• EPR. Engine pressure ratio (ratio of exhaust pressure to ambient inlet pressure). EPR is a ratio of exhaust pressure to ambient total inlet pressure. On all aircraft, EPR is valid only during ground static conditions.
  • CDP. Compressor discharge pressure in psia.
  • TDP. No function.

Figure 30. Engine Page

Flight Control System (FCS) Page

The FCS page displays monitoring data of the flight control surfaces like the leading and trailing edge flaps, ailerons, rudders, and stabilator. It will also note any FCS errors noted in the four channels as “Xs”. This page also displays the g limit based on aircraft gross weight.

The FCS status display may be selected on a DDI. At top center, the display presents left and right leading-edge flap (LEF), trailing edge flap (TEF), aileron (AIL), rudder (RUD), and stabilator (STAB) positions in degrees with arrows which indicate the direction from neutral. For example: the control positions shown in the figure are left LEF 1° leading edge down, right LEF 1° leading edge down, left TEF 5° trailing edge down, right TEF 5° trailing edge up, left AIL 15° trailing edge down, right AIL 15° trailing edge up, both RUD 0°, left STAB 3° trailing edge down, right STAB 4° trailing edge up. The tolerance for all control position indications is ±1°. The numbers and arrows change as control surface deflections change. At 0° (neutral), the arrows may point in either direction. A blank is displayed where the number is unreliable.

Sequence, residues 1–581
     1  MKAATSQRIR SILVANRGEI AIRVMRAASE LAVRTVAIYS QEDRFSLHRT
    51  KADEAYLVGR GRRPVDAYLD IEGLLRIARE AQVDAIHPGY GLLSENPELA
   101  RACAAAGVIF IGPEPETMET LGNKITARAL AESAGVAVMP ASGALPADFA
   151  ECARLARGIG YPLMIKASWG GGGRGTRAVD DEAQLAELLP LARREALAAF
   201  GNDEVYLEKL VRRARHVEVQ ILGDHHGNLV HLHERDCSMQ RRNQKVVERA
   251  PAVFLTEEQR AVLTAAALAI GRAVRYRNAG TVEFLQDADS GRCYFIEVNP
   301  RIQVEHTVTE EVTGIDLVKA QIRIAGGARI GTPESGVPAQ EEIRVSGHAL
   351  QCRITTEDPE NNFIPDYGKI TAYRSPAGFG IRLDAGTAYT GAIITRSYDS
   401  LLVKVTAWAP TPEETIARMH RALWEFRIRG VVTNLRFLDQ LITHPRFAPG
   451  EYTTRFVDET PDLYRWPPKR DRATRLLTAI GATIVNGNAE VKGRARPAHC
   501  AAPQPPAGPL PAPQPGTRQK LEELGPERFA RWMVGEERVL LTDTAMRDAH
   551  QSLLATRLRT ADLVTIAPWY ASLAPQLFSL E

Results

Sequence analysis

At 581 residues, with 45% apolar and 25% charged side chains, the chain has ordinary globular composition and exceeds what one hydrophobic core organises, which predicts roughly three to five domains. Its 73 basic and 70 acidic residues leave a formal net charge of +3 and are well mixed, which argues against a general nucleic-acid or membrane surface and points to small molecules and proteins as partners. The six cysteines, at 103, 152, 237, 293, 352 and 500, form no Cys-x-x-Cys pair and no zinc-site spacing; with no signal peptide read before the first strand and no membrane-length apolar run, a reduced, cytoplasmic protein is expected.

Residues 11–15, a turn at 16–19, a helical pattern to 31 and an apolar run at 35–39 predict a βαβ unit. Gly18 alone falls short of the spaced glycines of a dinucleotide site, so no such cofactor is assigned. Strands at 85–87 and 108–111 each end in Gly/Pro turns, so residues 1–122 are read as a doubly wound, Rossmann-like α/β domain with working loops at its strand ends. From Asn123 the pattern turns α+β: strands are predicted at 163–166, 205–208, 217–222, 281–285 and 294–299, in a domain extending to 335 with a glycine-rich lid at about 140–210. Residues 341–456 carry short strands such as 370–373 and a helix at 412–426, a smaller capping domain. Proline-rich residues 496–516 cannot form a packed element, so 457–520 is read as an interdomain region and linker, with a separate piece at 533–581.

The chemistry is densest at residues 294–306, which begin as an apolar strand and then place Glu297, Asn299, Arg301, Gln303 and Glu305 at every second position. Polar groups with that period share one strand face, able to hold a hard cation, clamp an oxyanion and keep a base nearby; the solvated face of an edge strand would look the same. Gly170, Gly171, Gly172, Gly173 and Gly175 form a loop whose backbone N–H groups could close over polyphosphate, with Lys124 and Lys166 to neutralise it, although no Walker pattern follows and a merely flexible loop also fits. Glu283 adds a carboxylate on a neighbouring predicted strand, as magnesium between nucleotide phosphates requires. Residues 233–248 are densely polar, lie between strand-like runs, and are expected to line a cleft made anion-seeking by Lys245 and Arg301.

An X through the LEF, TEF, AIL, or RUD number, also referred to as a bold X, indicates that control surface is no longer being commanded.

On either side of the position indicators are boxes which represent the FCS channels. On the left side, reading left to right, the boxes represent channels 1 and 4 for the LEF, AIL, and RUD and 1 2 3 4 for the TEF and STAB. An X in one of these boxes indicates that the FCS is no longer using that channel to command the actuator due to a failure. On the right side, reading left to right, the boxes represent channels 2 and 3 for the LEF, AIL, and RUD and 1 2 3 4 for the TEF and STAB. On the lower right side of the DDI are boxes which display the status, by channel, of the CAS pitch (P), roll (R), and yaw (Y); the stick position sensors (STICK), the rudder pedal force sensors (PEDAL); the angle of attack sensing (AOA); the backup air data sensor assembly (BADSA); and the processor (PROC); and the normal accelerometer (N ACC) and lateral accelerometer (L ACC). An X opposite one of these components indicates a failure in the channel with the X. An X opposite degraded (DEGD) indicates a switch failure or, for the TEF and STAB, a single shutoff valve failure. Flight controls are not affected but the FCS should be reset.